Wednesday, July 29, 2009

The LGBT Community and Media Representation

There have always been characters in the media that the public has been able to image perceive as gay, even when it has not been explicitly said.  One such example can be found in the movie Ben Hur (yep Charlton Heston didn’t even get it at the time) . When Judah Ben Hur is reunited with his childhood “chum” and they embrace, it is clear that more went on than sharing childhood follies. 

Today, being a member of the GLBT community means that you still exist as a body that is “othered”.   The instances of gay bashing or assumed heterosexuality, prove that we have a long way to go to ensure that we have a tolerant and equal society.  The media is an agent of socialization and therefore; the more normalized images of the GLBT community become, the greater chance there is of  influencing those who still exist with prejudicial beliefs.

According to the New York Times:

Glaad reviewed more than 4,900 hours of prime-time programming on the five major networks and more than 1,200 hours on 10 cable networks, such characters are represented in 42 percent of HBO’s programming hours, and 26 percent of Showtime’s. ABC led the broadcast networks with 24 percent, with CW at 20 percent, Fox at 11 percent, NBC 8 percent and CBS 5 percent.

You will note that Fox was excluded but judging from their record of “fair and balanced programming,” one can hazard a fair guess as to why it was excluded. I think that it is encouraging to see that HBO came out at 42%; it certainly signals that the cable network is interested in diversifying who it chooses to give attention to.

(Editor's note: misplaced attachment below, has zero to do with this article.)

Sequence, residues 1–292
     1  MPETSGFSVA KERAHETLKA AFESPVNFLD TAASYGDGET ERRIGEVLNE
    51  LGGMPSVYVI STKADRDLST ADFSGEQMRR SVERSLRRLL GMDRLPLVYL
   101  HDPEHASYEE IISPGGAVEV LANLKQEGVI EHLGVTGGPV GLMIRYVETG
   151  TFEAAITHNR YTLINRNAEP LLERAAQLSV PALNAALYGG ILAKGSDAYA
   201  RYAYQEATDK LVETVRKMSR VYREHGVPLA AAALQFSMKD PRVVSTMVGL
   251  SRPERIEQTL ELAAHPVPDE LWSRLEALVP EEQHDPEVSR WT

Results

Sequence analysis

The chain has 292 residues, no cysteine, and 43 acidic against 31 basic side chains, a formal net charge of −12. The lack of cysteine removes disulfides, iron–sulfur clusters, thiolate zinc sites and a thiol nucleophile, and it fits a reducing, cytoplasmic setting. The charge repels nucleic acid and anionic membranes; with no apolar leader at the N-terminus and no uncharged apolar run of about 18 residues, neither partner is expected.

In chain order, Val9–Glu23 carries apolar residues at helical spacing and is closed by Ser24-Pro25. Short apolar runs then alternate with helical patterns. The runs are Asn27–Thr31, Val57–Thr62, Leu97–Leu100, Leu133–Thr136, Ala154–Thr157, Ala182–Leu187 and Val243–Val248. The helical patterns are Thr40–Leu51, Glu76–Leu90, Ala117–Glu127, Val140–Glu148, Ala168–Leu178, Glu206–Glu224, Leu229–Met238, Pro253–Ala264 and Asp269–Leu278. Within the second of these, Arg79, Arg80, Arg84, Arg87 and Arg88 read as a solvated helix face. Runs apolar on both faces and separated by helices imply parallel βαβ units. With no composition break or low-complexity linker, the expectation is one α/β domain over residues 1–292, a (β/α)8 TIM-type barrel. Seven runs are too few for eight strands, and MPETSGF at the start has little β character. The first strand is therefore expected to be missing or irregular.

Hidden within these statistics though is a lot of erasure.  Many times a GLBT identity is represented by a gay white male and this simply recreates the same image form of exclusion that GLBT activists have spent lifetimes fighting against.  If an increasing GLBT presence in the media means creating more images like the movie Milk, it ensures that those members of the community that are of color or transgendered, are being ignored to privilege the identity of the oppressed white male.

It is a rainbow flag for a reason; a GLBT identity encompasses all bodies across race, ethnicity, gender, class, ability, and age.  The one dimensional view that the media portrays continually makes the diversity of the community invisible thereby further marginalizing POC, and trnasgendered people  amongst an already oppressed group.  Even within oppressed groups, we continually take on the master’s tools because that is how we have been trained to think.

When was the last time you saw a differently abled lesbian of color represented and yet they most certainly exist?  How about an older gay man, who was not busy chasing young men or whining, over his misbegotten youth?  It is not enough to press for more representation, if it continues to make vital members of the community invisible.  It is inaccurate and further builds divides in a community that needs every single member to engage in the battle for equal rights.

When we look at the criticism of Barack Obama, what we constantly see on the news shows is a White gay male pitted against a Black male (sometimes gay as well) on opposing sides.  Why are people contributing to the angst between same gender loving people of color and the rest of the community by participating in something that is clearly designed to be racially divisive?

Why is it acceptable for the media to continually portray members of the GLBT community as affluent, when we know that many suffer in poverty?  Where is the call to hear their stories and the ways in which homophobia has reduced access to things like jobs and health insurance? 

While I’m at it, what about the silent B and T?  You will note that the representation of openly bisexual and transgendered characters is ridiculously low. One or two characters on HBO cannot represent the wonder and achievement of these people and yet there is silence about their erasure.

Some may see the above statistics as a positive sign of change however; I see much still needs to change.  I should not have to struggle to show my child positive images of the GLBT community in the media.  Acceptance means portraying the community equally and ensuring that all voices are heard.  Until that day happens we are not far removed from the 1950’s Leave it to Beaver model that conservatives love to celebrate.